It is far more than obvious the heater is not operable. Why it is not operable and why it was prevented from working is the issue. Was that reason safety?
You, nor anyone else has to believe the owner: "The owner stated that the wall unit worked last winter, but has been inoperable since the new thermostat was installed." That's an old wheeze heard many times. Three different experienced gas techs working on it, now the fourth not getting it to work is not believable. Nobody removes gas control wires to install a new thermostat.
Unless there is a space issue to fit a replacement, any repairman would know that millivolt gas valves are available at most local plumbing/heating suppliers and Williams heaters and their parts are often sold there; thus experienced repairman can tell when somebody is faking experience.http://americanhvacparts.com/Merchant2/m...ry_Code=gv-wall
If the pilot valve won't stay open when power is applied from the powerpile to the pilot solenoid terminals it is bad. The gas would have to be on for the pilot to work. The failure to pass gas to the pilot would also stop the main gas valve from letting gas past. http://forum.doityourself.com/showthread.php?t=85067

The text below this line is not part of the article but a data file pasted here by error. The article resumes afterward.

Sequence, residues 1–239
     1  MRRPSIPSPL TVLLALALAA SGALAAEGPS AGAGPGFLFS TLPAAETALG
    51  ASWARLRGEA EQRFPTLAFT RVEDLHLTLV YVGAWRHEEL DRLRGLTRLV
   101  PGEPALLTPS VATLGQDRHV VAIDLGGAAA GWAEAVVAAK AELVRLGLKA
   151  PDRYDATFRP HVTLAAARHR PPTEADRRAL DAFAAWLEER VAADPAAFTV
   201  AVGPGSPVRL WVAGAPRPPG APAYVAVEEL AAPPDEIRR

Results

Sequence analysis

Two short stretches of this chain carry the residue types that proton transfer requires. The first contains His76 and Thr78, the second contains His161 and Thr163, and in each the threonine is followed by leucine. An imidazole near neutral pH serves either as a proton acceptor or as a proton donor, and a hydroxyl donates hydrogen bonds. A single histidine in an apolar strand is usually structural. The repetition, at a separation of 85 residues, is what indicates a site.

The above wiring "solution" leaves no safety devices in the circuit. A jumper on the thermo side of the valve bypasses any wire resistances to allow the powerpile to energize the valve:
"A jumper on the 'stat side of the gas valve and the heater roared to life" but there is no safety in the unit. Get someone who knows why they are tested for what they do.
There is no need to recall antique wiring when the unit is new enough to be safe and has a wiring diagram on the covers.
There is too much unbelievable in this thread, so people who've been there, done that, are unwilling to cause harm; their licenses are to do the opposite.http://www.heatpro.us/forum/condescend.html
No need to continue this discussion. Call a pro who installs and works on wall heaters.